The design of the Neuse, with its flat bottom, was similar to that of a barge. Consequently, carpenters working on the ironclad needed only to possess simple house-building skills. The Navy Department was aware that carpenters could be obtained in the White Hall area and did not bring these men in from out of state.
During construction of the ship, the most immediate challenge facing the Navy Department was an adequate defense of the construction site. Lieutenant Commander James Cooke, of the Confederate States Navy, was sent to North Carolina to assist in the construction of the Neuse and Albemarle and insure that these ships were placed into service with the least possible delay. Because Union troops had been making periodic raids into eastern North Carolina, Cooke became alarmed that the area around White Hall might be vulnerable to assault. He wrote the Engineer Bureau regarding his apprehensions of a possible attack while the Neuse was being built. The Bureau replied that
with a sufficient force the obstructions we are now placing in the Neuse River can be defended against any force the enemy is likely to send against it. They, as well as the land defenses, will be completed, I think, in six weeks; but unless the south side of the Neuse is occupied, if the enemy possesses any enterprise at all, they will most assuredly destroy the gunboat which Commander Cooke is building at White Hall.
Cooke's fear of enemy forces attacking the ironclad while it was under construction was well justified. Under the overall command of Gen. John G. Foster, Union troops departed New Bern on December 11, 1862, on an inland raid toward Goldsboro. Foster's expedition reached Kinston on the 14th, and after an engagement with Confederate forces under Gen. N. G. Evans, the Federals ransacked the town. Departing Kinston on December 15, Union troops moved up the south bank of the Neuse River, following the retreating rebels to White Hall. Confederate reinforcements arrived to help Evans's command further resist the Federal advance. The bluffs on the Neuse overlooking White Hall, remembered Colonel Pool, "were crowded with piles of crude rosin, and barrels of spirits of turpentine." To keep Foster's troops from crossing the river here, the Confederates gathered these combustibles onto the bridge and set them ablaze, just as the enemy was arriving on the opposite bank. Pieces of the bridge soon crashed into the river, "and floated down its waters a burning wreck."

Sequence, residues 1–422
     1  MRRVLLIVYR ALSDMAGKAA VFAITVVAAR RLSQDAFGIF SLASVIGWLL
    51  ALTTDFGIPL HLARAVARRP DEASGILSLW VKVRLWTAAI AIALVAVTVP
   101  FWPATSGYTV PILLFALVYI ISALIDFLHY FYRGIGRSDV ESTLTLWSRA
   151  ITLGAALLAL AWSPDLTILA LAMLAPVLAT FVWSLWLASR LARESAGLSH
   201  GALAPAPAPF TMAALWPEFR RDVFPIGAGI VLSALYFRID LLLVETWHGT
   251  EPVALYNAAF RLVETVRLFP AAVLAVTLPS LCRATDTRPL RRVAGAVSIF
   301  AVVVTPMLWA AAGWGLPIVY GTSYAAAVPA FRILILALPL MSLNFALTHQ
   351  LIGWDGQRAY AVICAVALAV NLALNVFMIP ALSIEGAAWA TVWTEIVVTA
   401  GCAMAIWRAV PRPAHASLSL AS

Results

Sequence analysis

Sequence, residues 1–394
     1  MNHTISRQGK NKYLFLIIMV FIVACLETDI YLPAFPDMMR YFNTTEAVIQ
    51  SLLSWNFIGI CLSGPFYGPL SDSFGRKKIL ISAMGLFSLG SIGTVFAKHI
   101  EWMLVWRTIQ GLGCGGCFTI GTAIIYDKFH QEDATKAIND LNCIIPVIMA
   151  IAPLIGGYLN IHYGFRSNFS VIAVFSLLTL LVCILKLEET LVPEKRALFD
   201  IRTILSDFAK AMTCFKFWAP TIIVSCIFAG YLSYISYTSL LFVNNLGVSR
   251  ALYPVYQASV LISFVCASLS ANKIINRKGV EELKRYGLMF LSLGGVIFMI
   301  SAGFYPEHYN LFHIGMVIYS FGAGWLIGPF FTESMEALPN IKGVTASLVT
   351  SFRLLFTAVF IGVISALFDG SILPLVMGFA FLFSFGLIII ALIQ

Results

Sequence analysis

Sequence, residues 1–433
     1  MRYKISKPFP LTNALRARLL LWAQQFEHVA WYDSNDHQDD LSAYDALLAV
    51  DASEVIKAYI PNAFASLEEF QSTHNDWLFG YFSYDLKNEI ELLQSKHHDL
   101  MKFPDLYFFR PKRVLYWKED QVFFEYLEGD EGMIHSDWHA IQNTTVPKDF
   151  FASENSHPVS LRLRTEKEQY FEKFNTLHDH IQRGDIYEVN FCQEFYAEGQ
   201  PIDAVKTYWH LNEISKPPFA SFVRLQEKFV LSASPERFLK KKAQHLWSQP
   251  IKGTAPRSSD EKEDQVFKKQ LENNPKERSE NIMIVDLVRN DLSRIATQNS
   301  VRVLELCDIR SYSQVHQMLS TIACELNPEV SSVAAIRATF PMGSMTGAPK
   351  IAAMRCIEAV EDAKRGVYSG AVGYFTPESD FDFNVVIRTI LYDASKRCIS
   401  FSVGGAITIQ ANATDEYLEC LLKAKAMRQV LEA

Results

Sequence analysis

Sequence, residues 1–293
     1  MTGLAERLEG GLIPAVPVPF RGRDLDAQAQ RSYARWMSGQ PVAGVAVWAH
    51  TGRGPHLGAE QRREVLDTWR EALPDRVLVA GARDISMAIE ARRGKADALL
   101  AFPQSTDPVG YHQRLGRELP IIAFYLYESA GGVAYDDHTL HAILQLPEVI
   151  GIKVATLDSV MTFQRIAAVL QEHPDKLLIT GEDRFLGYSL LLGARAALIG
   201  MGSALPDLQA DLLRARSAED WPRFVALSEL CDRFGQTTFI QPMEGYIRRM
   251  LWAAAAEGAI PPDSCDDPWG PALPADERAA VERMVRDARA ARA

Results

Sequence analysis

The Federals caught sight of the fledgling gunboat on the riverbank. A New York news correspondent traveling with Foster's command wrote that
We found previous reports confirmed, in that we discovered a rebel gunboat on the other side of the river . . . To destroy the gunboat which was not fully completed, was one of our principle [sic] objects; but to do it in the face of the enemy, concealed in the woods on the opposite bank, was a different matter.
Foster's forces, "in order to cast a heavy reflection of light on the enemy," seized materials on the south side of the river intended for use in construction of the vessel and put them to the torch. Harper's Weekly reported later that month that